Fast Way to Achieve a Nice Digital Watercolor Render
By Majid Yagenegi
In this tutorial we are going to achieve a nice digital watercolor render using SketchUp and the render engine ‘TwilightRender’. We will also do a little post-processing with Photoshop (or your desired photo editor). This effect could also be achieved using any render engine that is based on MLT algorithm that will produce a whole vision of the scene while it is ‘noisy’. I have tried to use ‘noise’ as a possibility and part of the process.
As a painter, I personally prefer NPR rendering. Natural NPR SketchUp renderings are also amazing, but you may need some more artistic ones. If the answer is yes – this tutorial is for you.
Natural SketchUp renders don’t have any light source nor reflections, while Twilight renders could give us those goodies. I especially prefer those settings that are based on MLT algorithm because they will give you a sense of the whole picture, also with noise, which will certainly be sweet for our final result.
Step 1. After modeling I spent about 10 minutes to adjust materials and lights. Try to keep the main reflective surfaces and ignore minor ones. Then I add a HDRI for the environment and start rendering. Keep the render size matching the sketchup view as shown in the image below.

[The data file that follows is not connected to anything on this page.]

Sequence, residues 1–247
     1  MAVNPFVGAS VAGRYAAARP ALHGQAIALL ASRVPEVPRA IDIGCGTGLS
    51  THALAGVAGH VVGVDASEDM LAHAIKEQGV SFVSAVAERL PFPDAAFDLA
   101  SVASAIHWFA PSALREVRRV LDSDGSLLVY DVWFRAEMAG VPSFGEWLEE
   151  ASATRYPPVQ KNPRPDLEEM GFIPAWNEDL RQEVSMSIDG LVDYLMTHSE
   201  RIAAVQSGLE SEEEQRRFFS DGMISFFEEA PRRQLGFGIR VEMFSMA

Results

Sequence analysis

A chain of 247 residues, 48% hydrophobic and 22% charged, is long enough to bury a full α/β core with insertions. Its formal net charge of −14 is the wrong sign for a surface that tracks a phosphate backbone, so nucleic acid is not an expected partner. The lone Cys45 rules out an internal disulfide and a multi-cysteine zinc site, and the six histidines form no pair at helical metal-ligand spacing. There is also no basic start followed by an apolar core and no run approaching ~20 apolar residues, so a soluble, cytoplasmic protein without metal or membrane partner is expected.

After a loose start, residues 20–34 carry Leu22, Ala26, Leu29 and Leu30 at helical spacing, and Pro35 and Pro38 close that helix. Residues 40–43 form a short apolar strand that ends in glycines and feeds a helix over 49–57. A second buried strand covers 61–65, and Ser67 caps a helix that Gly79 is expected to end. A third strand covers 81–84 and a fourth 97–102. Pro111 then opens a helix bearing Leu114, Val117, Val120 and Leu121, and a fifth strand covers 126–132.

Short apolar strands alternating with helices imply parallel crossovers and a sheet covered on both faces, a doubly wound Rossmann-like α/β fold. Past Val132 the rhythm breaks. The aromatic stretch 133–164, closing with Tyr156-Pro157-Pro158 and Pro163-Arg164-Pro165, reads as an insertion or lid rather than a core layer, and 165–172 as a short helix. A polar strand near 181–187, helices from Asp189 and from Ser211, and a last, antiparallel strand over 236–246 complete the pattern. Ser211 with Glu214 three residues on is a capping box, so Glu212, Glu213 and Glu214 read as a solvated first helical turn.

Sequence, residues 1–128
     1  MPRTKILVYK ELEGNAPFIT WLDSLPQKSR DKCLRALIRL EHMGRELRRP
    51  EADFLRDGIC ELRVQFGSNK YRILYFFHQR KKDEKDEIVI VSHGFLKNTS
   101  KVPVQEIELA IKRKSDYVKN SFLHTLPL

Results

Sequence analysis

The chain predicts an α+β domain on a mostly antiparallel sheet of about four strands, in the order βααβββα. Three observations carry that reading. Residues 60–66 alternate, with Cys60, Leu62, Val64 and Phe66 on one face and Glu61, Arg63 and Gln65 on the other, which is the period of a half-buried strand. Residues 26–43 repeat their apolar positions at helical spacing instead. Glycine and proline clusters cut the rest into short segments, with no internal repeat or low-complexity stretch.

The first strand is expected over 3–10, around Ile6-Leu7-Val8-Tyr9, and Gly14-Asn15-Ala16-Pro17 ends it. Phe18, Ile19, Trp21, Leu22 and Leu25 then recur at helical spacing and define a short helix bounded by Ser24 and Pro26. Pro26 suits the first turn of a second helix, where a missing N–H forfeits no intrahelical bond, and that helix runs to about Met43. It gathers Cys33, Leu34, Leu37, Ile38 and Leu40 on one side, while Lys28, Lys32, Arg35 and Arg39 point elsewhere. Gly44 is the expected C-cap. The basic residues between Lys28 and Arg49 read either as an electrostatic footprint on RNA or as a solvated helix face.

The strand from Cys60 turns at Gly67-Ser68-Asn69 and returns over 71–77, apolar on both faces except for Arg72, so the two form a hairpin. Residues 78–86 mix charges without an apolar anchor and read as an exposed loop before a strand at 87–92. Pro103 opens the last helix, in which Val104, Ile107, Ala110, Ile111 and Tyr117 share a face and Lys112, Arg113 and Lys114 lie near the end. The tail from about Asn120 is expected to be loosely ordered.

Step 2. The image below is a 4 minute render (originally 920 x 629 pixel, resized to 800 x 546, to be the same size of pure SketchUp output but with a tiny dots texture).
Step 3. Then I reduced the noise in Photoshop. You may also prefer Neat Image, that will keep the final result more colorized.
Step 4. Also we will need a pure SketchUp render. Here shown in the image below is an extended edge style with a green-blue dark sky.
Step 5. Now go to Photoshop (or your desired photo editor) to combine these two renders. The base image is pure SketchUp output . Then put the Twilight render over it and duplicate it so you have 3 layers. Here are layer settings:
Step 6. And this as well:
In Step 5 it shows the middle image has an Overlay blending mode with an opacity of about 50%, while the upper one in Step 6 has a Normal blending mode with an opacity of about 40%.
And here is the final result after merging all layers, and a bit of level adjustment. You may also be interested in using a texturizer filter to mimic a more realistic watercolor effect.
And here is the exterior image using the same technique.
Hope you find this short tutorial useful in your work-flow.